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The country rejecting throwaway culture

The combination of enthusiastic amateurs, repair cafes and new laws could help tackle the world's growing mountains of broken electronics.

By Gu Wei Di QiPublished 4 months ago 8 min read
By Peter Yeung 29th January 2021

"Hmm," sighs Bruno Mottis, squinting through his brown tortoiseshell glasses. "Did you spill water on it? Or put more than a kilogram of weight on top? The wiring inside appears to have been fried or disconnected somehow."

Mottis, a volunteer repairman, then flips over the set of red kitchen scales emblazoned with the phrase "Keep calm and make jam" and inspects the circuit board with a handheld voltage detector under a bright lamp at his side.

"It could have got wet when I was cleaning it," replies Imene, a Parisian who is attending a repair workshop at the town hall of the Ninth Arrondissement. "I hope it's repairable, so I don't have to buy another. If I do, there will eventually be another problem and I'll have to buy another. It's a vicious circle."

The French capital hosts a dozen of these so-called "repair cafes" – free, monthly initiatives that allow local residents to fix household objects and electronics with the help and advice of enthusiastic volunteers. Pioneered by journalist Martine Postma in Amsterdam in 2009, hundreds of similar workshops take place across Europe.

Nearly two-thirds of Europeans would rather repair their products than buy new ones

"We're a society of waste and overconsumption," says Emmanuel Vallée, organiser of the Repair Café Paris, which typically sees around 25 people attending per event, including some online, since it launched in May 2019. "We throw things away that we don't need to."

For Vallée and repairers like him, there's a lot of work to be done. The world produced nearly 45 million tonnes of e-waste in 2016 as consumers and businesses threw out their old smartphones, computers and household appliances – material worth an estimated $62.5bn (£45.6bn). Only 20% was properly recycled. In Europe, where the problem is particularly acute, researchers estimate only 12% to 15% of mobile phones are properly recycled – despite around 90% of the population owning one.

E-waste, which is often shipped illegally from the West to sprawling, toxic dumpsites in countries like the Philippines, Ghana, Nigeria and China, is expected to grow to more than 52 million tonnes by the end of 2021, and to double by 2050 – making it the fastest growing type of domestic waste in the world. The environmental impact ranges from huge carbon emissions to pollution of water sources and food supply chains.

We want to limit consumption of the world's natural resources – Véronique Riotton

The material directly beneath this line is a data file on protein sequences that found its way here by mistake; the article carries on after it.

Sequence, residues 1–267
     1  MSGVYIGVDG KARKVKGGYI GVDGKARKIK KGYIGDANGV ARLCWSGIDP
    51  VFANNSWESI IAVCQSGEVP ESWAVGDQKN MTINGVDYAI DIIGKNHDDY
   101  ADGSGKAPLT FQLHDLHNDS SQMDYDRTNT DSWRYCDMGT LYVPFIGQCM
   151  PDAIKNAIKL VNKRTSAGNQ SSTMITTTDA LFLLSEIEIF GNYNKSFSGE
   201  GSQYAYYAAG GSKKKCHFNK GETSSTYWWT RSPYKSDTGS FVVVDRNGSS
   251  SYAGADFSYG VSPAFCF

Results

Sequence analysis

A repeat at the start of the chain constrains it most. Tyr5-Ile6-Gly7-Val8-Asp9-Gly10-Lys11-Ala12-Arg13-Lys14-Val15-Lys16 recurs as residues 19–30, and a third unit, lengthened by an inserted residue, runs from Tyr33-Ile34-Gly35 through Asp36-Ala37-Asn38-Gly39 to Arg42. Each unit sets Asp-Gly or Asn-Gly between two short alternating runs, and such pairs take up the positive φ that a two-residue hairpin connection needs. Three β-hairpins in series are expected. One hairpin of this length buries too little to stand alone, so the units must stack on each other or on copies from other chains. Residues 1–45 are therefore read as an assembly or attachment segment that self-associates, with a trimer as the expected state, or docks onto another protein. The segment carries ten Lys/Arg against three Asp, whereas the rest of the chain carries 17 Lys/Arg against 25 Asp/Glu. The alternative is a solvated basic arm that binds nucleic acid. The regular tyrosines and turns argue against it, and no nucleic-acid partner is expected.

But significant amounts of that waste could be avoided through repairs. According to a study by the French Environment and Energy Management Agency, only 40% of electronics breakdowns in France are repaired. But surveys have found nearly two-thirds of Europeans would rather repair their products than buy new ones. Much like Imene's kitchen scales, French officials believe the current system is broken and needs to be fixed.

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In an effort to defuse this vast amount of avoidable waste, France's National Assembly last year voted to introduce an index of "repairability" ratings for appliances such as washing machines, lawnmowers, televisions and smartphones. In doing so, the French government hopes to increase the electronics repair rate to 60% within five years.

Those rules came into force in January and require manufacturers to display ratings – similar to the energy ratings system already widely in place – that are calculated using five measures: ease of repairability, price of spare parts, availability of spare parts, availability of repair documentation and a final measure that will vary depending on the type of device. After the first year,a fine of up €15,000 (£13,300/$18,200) will be given to producers, distributors and sellers who don't comply. The bill also includes a "durability" index from 2024 that will have new criteria such as product reliability and robustness.

"We want to limit consumption of the world's natural resources," says Véronique Riotton, the French MP who was the legislation's rapporteur. "Everyone is concerned. The aim is to improve the market for repairability and I hope that this index will make consumers more aware of this ecological crisis."

The ratings scheme has been heralded as the first of its kind in the world, laying the groundwork for other countries to follow. It's hoped the French system will start a race between companies to improve repairability. Campaigners believe the measures will allow more individuals as well as third parties such as repair shops to carry out the work – something that might lead to greater uptake.

This is the first national label of its kind. It shows that the issue of repair has become increasingly important – Jean-Pierre Schweitzer